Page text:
Wednesday, February 01, 2023

Justice Potter Stewart knew it when he saw it.

Scare quotes, according to the Oxford Dictionary, are “quotation marks used around a word or phrase when they are not required, thereby eliciting attention or doubts.” Perhaps nowhere is the use of scare quotes more galling than when used to justify Arab attacks on Jews. No one could possibly doubt that it is, in fact, a terror attack when an Arab shoots Jews dead in a Jerusalem synagogue on Shabbat. Yet despite this fact, a number of news reports placed the words “terror attack” in scare quotes, as if to cast doubts on the rightness or wrongness of the event. This malign and antisemitic practice of using scare quotes to excuse terror, is as common and familiar as terror itself.

Sometimes there is a thin line between scare quotes and just plain old quotation marks. There are also times when the intent is subjective, as in this Twitter exchange from 2016:

I thought it was clear just from the title: Israel police: Explosion on Jerusalem bus was a “terror attack.” Seven years later, I still think those are scare quotes and I still don’t think I need to read the article. But perhaps I am jaded. Associated Press writer Matt Lee thought the quotation marks perfectly legitimate in that context—and I happen to like Matt Lee. He asks the most awesome, penetrating questions at State Department press briefings.

Speaking of which, the White House had no problem saying it like it is in its press release on the recent attack on a Neve Yaakov synagogue. No scare quotes in the title: "Condemning the Terrorist Attack in Jerusalem." 

And none in the statement itself, which begins:

“The United States condemns in the strongest terms the horrific terrorist attack that occurred today outside of a synagogue in Jerusalem.”

Sky News, however, took the Matt Lee route, claiming the quote came from the police, as opposed to the sick and twisted mind of the writer or his editor:

Police said the gunman arrived at around 8.15pm local time (6.15pm UK time) on Friday and described the shooting as a "terror attack".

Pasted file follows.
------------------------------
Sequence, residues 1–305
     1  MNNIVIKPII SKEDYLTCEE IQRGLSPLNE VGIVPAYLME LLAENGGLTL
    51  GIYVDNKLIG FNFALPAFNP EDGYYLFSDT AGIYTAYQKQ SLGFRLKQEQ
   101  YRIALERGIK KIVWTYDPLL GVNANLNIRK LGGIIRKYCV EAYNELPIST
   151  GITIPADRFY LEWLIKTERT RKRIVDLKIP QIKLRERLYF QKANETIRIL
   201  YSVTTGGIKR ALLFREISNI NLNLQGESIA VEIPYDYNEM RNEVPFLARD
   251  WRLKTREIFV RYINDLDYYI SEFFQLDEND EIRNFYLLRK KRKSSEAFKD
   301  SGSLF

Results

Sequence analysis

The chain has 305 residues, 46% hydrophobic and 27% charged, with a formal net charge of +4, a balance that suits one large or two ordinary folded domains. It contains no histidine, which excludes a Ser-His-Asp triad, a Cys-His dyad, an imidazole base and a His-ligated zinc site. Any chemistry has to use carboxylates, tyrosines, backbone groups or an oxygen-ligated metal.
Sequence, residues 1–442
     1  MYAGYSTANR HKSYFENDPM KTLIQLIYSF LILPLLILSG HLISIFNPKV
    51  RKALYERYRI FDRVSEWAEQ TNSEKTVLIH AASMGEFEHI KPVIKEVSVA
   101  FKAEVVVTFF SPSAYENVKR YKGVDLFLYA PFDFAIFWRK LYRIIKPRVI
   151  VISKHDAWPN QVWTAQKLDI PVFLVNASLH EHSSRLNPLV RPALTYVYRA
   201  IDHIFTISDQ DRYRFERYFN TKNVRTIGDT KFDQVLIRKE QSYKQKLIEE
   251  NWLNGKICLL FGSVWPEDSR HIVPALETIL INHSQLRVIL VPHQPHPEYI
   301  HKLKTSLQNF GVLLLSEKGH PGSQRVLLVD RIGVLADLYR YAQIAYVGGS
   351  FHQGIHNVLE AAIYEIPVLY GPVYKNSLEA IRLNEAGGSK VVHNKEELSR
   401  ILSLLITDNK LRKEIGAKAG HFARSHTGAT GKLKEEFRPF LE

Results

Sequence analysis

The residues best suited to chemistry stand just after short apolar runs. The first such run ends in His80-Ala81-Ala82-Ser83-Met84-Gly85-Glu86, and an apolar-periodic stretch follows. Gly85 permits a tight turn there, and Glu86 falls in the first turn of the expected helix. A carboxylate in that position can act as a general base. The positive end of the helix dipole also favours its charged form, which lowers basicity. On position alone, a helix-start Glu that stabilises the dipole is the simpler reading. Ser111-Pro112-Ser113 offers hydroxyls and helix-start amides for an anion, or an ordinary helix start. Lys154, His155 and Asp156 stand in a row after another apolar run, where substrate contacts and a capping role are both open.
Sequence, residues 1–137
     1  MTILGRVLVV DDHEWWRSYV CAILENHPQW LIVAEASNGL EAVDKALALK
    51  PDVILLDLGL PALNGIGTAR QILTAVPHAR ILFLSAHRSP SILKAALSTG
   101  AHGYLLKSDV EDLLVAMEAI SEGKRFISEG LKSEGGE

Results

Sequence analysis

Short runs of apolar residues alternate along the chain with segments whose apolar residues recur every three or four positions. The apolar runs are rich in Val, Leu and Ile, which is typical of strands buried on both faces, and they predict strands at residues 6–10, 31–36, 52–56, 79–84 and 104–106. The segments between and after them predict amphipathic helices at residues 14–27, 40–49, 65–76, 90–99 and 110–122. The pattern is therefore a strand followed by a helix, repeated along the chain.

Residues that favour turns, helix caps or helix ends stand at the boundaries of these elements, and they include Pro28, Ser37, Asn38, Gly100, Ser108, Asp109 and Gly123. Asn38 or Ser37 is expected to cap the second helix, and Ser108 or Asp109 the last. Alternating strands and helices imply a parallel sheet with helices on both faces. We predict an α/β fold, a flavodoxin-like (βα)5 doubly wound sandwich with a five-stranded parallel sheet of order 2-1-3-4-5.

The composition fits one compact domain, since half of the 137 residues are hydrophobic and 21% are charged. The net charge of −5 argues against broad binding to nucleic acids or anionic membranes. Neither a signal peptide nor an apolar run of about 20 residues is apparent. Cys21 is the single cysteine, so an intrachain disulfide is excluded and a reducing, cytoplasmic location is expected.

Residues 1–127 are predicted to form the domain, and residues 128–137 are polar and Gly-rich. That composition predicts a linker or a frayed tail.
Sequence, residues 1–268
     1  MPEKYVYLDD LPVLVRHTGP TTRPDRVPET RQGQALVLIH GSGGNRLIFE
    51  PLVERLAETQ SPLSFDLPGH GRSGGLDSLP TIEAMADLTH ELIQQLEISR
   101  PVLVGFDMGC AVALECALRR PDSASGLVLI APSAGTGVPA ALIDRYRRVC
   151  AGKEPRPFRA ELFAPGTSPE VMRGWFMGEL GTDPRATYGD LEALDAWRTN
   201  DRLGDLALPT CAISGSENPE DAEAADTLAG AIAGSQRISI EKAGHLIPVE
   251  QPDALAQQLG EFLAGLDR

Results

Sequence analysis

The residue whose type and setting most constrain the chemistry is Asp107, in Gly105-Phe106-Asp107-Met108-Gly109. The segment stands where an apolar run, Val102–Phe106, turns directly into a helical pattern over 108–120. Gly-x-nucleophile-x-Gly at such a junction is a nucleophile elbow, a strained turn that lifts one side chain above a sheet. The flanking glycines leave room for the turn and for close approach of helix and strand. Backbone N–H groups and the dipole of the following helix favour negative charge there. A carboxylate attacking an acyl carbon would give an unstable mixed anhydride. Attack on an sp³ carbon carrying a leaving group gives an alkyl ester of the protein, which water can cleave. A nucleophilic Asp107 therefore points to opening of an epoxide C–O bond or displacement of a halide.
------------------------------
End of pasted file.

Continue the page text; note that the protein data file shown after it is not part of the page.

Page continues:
Same deal with the Independent—and oh, by the way, Neve Ya’akov is not a settlement, but a Jerusalem neighborhood:

Israeli police described the shooting as a “terror attack” and said it took place at a synagogue in the Neve Ya’akov settlement.

The BBC, of course, is always first and worst, this time suggesting that while Israel called the dude who killed Jews in shul a “terrorist,” it ain’t necessarily so:

The man who attacked the synagogue on Friday was identified by local media as a Palestinian from East Jerusalem, who police described as a "terrorist".

The BBC, of course, has a vested interest in using scare quotes in this context. They would like you to think that the shooting was in self-defense, or that a gun went off by accident, or perhaps even that murdering Jews is a mitzvah, because Jews live on land Arabs want.

What was disappointing this time was the use of scare quotes by the Washington Free Beacon, often fairer than most when reporting on Israel:

Israeli police described it as a "terror attack" and said it took place in a synagogue in Neve Ya'akov.

Here too, the quotes are subject to interpretation. The journalist can always say he is quoting the police. But the lack of context is troubling. It is too easy for the reader to conclude that the shooting was not motivated by terror and might even have been justified.

From the standpoint of the journalist, quotes from officials lend authority to a report. Here, however, the quote does no such thing, because it’s not really a quote. Like Judge Potter Stewart, I know it when I see it, in this case, a quote. Which leads us right back to scare quotes.

Any reporter worth his salt knows that the writing should always be clear and without any taint of bias. For this reason, a good writer always tries to get into the head of the reader. Here, the report needed to be unambiguous. There should have been an effort to remove all doubt from the reader's mind, because the shooting was, in fact, a terror attack, by even the most objective standards. 

And of course, there is always another way for a writer to say something. If you get stuck for words, have a cup of tea and try again, for goodness sakes. Rather than sow doubt and suspicion against the yahud, be on the side of truth, and state it as fact:

Israeli police have confirmed that a terror attack took place in a Neve Ya’akov synagogue on the Jewish Sabbath.

Buy the EoZ book, PROTOCOLS: Exposing Modern Antisemitism  today at Amazon!

Or order from your favorite bookseller, using ISBN 9798985708424. 

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Elder of Ziyon - حـكـيـم صـهـيـون

This blog may be a labor of love for me, but it takes a lot of effort, time and money. For over 19 years and 40,000 articles I have been providing accurate, original news that would have remained unnoticed. I've written hundreds of scoops and sometimes my reporting ends up making a real difference. I appreciate any donations you can give to keep this blog going.


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